Regardless of what transactions you’re making online, following these guidelines will help protect your assets and credit standing.

Five Financial Challenges to Test Your Saving Skills

By Tina Mason

One of the best ways to invigorate your saving strategy is by issuing yourself a challenge. Not only does the competition make it a little more fun, but you’ll also learn valuable lessons about the long-term benefits of discipline, the way your daily spending habits impact your quality of life, and just how much you can accomplish when you set your mind to it.

If you’re looking to make improvements to your financial planning and add a little extra padding to your savings account, here are five financial challenges you can try.

Take a new look at a favorite vice: There’s nothing wrong with splurging every now and then. But if you’re spending $5.00 on a cup of coffee every day, you may want to take a fresh look at how you get your morning pick-me-up. Could you live with making coffee at home and saving yourself over $1,000 a year?

Dive into the gig economy: If you find yourself with lots of free time and aren’t sure what to do with it, challenge yourself to finding a part-time gig. If you love nothing more than driving around town listening to music, maybe Uber would be a good fit. Fancy yourself a writer? Try to get published as a freelancer. There are tons of opportunities that will fit where, and how, you need them to.

Live like you’re single: Remember when you were young and single? You could somehow survive in an apartment the size of your living room. You ate Ramen noodles for breakfast. And even if you had less money saved up, you may have felt more financially free. Granted, your spouse may not appreciate Ramen the way your 20-year old self did. However, we all behave differently when we engage with others. By focusing solely on your own finances for a brief stint, you may be able to indicate where you’re letting money fall through the cracks.

A dollar a day: This one’s simple. Get a jar, and add a dollar to it every day. If you’ve got something you’re saving for, simply wait until you’ve gotten there. If not, consider it a rainy day fund for an emergency. You’d be surprised how easy it is to forget about a dollar every day.

Pile up your perks: Perks are everywhere these days. Debit and credit cards will often offer discounts, deals or cashback. Some people go coupon crazy at the grocery store. In this challenge, you are tasked with taking cash equal in value to the perks you’ve accumulated and putting it into a new savings account. It is a way of making your savings seem tangible, and will always help to remind you  to look for savings in your day to day life.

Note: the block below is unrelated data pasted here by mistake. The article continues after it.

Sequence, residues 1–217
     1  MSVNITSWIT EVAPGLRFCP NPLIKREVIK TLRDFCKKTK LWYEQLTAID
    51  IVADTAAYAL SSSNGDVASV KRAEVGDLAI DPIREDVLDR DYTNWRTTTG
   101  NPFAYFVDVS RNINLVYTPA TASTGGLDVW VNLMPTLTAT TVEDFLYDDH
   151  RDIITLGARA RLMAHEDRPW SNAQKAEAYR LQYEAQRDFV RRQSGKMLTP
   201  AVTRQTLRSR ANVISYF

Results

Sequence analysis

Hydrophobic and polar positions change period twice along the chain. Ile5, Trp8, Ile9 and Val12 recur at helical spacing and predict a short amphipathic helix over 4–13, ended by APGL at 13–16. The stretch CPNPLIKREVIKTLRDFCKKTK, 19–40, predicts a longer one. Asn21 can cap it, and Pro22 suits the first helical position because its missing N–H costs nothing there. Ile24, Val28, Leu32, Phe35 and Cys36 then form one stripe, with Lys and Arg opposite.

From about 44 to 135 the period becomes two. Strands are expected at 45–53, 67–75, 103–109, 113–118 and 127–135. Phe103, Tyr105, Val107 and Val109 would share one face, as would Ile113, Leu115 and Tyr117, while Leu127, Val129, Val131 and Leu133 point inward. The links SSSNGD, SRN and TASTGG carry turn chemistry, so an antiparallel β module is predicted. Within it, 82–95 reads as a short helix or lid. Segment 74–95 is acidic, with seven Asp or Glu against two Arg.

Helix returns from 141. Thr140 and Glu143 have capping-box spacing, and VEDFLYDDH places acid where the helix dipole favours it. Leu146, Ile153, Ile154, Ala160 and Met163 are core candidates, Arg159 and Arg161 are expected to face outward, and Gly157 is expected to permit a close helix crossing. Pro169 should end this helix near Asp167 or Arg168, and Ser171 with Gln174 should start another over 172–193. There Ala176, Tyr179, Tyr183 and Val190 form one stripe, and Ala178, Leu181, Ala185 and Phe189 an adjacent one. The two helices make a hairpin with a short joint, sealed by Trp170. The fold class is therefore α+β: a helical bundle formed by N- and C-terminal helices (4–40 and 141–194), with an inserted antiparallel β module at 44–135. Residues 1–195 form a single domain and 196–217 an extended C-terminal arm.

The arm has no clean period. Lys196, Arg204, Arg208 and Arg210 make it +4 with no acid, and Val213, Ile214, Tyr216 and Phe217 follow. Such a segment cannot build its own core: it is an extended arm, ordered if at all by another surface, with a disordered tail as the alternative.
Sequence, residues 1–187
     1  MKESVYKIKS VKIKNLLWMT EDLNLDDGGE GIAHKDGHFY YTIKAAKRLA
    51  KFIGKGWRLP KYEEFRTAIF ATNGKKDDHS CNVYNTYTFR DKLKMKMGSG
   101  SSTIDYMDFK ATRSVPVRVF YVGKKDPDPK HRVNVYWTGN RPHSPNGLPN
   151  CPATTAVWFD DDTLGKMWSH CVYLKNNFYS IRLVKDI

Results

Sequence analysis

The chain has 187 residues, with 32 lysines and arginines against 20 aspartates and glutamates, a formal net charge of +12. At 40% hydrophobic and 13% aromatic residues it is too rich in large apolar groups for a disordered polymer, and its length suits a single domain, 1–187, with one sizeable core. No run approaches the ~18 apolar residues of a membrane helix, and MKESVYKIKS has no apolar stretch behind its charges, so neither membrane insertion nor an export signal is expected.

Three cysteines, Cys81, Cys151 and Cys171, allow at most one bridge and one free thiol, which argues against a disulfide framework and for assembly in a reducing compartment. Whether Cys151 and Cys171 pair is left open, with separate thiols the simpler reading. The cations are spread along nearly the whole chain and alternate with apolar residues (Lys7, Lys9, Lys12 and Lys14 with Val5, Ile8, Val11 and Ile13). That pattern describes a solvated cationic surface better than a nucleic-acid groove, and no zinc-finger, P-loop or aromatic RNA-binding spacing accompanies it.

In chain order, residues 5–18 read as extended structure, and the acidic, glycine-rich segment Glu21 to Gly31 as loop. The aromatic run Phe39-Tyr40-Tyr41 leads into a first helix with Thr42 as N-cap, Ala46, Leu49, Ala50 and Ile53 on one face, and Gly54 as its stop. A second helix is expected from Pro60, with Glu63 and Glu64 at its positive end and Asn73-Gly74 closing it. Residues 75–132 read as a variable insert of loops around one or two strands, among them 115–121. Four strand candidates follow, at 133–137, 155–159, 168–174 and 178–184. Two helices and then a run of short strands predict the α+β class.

At The Milford Bank, we’re always looking for great ways to help you grow your wealth, protect your family and live your best life. To learn more ways to save, stop by any office location in Milford or Stratford or check out our Online Learning Center here.

 

Millennial Spending Habits Leave Little Room to Save

By Cortney Meng

It was only three years ago that Millennials became the largest generation in the U.S. labor force, surpassing the Baby Boomers with employment numbers of 53.5 million. This seemed to be a coming-of-age moment for Millennials, but new research indicates that in spite of three straight years as the top demographic in the labor force, Millennials have yet to turn their earnings into savings.

According to a new Bank of America survey, it was found that 46 percent of Millennials had no money in a savings account in 2017. Even more startling, this number actually increased from 31 percent over the span of just one year.

Given the fact that Millennials are working more but spending less, this financial epidemic may be rooted in poor spending habits. Let’s take a deeper dive into how Millennials are spending their money in 2018, and what they can do to break the cycle and bolster their savings.

Spending on comfort and convenience

A Charles Schwab report found that Millennials, more so than previous generations, are willing to spend frivolously on comforts and conveniences. 60 percent admitted to spending more than $4 on coffee, 79 percent would splurge to eat at the hot restaurant in town and 69 percent buy clothes they don’t necessarily need. Millennials also surpassed both Generation X and Baby Boomers when it came to shelling out cash for the latest tech gadgets and live events, as well.

Bills, bills, bills

Though Millennials do their share of frivolous spending, not all the bills in the mailbox are a choice. In fact, a recent Mother Jones study compared Millennials to young families from the 1980’s and 1990’s and found that young adults today pay about $1,000 more on healthcare, $1,500 on pensions and Social Security, $2,000 more on overall housing and $700 more on education.

Simply put, cost of living increases have put a damper on what earnings Millennials have generated. That said, the need to save for the future must remain a top priority. Millennials must reconcile the lifestyles they wish to lead with the realities of the world they want to live them in.

So what can Millennials do to start getting their savings accounts in the black?

Forbes recently outlined some of the ways in which Millennials can begin breaking the bad habits that have gotten them to this point. Here are a few key points:

  • Millennials, natives of the Social Media age, are often pressured to be at every event, party or Happy Hour. FOMO, or “fear of missing out”, is a very real phenomenon and can often lead individuals to spend money they don’t have, simply to ensure they’re in the picture—both literally and figuratively.
  • Setting clear goals is crucial, especially if you’re not where you should be or want to be financially. Even if it’s just saving $10 from each paycheck, it’s a start. By clearly defining your needs, and your limitations, you’ll soon be able to turn $10 into $100.
  • Checking and savings are two different things, yet many Millennials try to use a checking account for all their cash. Not only does this curb your growth potential, but it becomes all too easy to draw from that money in a particularly tight week. If it’s visible and easily obtained, you may have a hard time saving it.